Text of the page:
Marta chiama (chi?) la mamma. Marta calls (who?) the mum.
Chiamare, to call, is a transitive verb, because it holds a direct object, in this case la mamma.
Giorgio ha telefonato (a chi?) a Marco. Giorgio phoned (to whom?) to Marco.
Telefonare, to phone, isn’t a transitive verb, because it doesn’t hold a direct object: a Marco, actually, is an indirect object because it answers the question to whom? and it’s introduced by the preposition a.

•    Active, passive and reflexive verbs: the voice

The voice describes the relationship of the verb action with its subject and object. The verb can have active, passive or reflexive voice.  

- Active voice
Giovanni lava i piatti (Giovanni wash the dishes): Giovanni is the doer of the action and the grammatical subject of the sentence. All the verb have the active voice.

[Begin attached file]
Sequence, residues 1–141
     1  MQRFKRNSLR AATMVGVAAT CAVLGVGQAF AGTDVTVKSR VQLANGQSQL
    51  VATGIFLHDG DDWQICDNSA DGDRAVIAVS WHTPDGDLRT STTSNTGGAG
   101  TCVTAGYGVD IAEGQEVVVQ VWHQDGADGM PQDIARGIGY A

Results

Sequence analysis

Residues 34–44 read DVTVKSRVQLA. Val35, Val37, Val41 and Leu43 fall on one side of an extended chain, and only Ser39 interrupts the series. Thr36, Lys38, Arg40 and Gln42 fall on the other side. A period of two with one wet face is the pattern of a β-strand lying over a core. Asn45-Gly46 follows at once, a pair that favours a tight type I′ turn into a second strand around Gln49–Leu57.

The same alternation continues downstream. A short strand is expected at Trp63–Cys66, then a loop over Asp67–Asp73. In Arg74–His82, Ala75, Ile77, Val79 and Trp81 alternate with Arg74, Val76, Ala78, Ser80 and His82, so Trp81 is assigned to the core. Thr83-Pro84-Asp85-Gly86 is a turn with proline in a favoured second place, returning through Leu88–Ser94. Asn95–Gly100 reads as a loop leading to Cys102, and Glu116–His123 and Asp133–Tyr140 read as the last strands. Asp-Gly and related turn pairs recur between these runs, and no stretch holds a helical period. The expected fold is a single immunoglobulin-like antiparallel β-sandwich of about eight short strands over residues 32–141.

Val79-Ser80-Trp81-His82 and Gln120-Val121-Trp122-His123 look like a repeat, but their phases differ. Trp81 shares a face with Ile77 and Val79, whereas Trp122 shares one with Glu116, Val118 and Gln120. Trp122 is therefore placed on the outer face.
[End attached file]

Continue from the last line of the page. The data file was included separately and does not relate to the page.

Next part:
For example: Marta mangia la mela. (Marta eats an apple.) Luca studia italiano. (Luca studies Italian.) Marco scrive una lettera. (Marco writes a letter.)

- Passive voice
I piatti sono lavati da Giovanni (The dishes are washed by Giovanni): Giovanni is the doer of the action, but he isn’t the grammatical subject of the sentence: i piatti are the subject, and they receive the end of the action: they are washed by someone.  
Only transitive verbs can have both active and passive voice. The passive of italian verbs is formed by the use of the past participle and the auxiliary essere, using the same tense as the corresponding active form.
For example: I cani sono seguiti dai bambini. (Dogs are pursued by children.) Le galline sono allevate dalla nonna. (Hens are bred by grandma.) La luce fu spenta dalla mamma. (The light was switched off by mum.)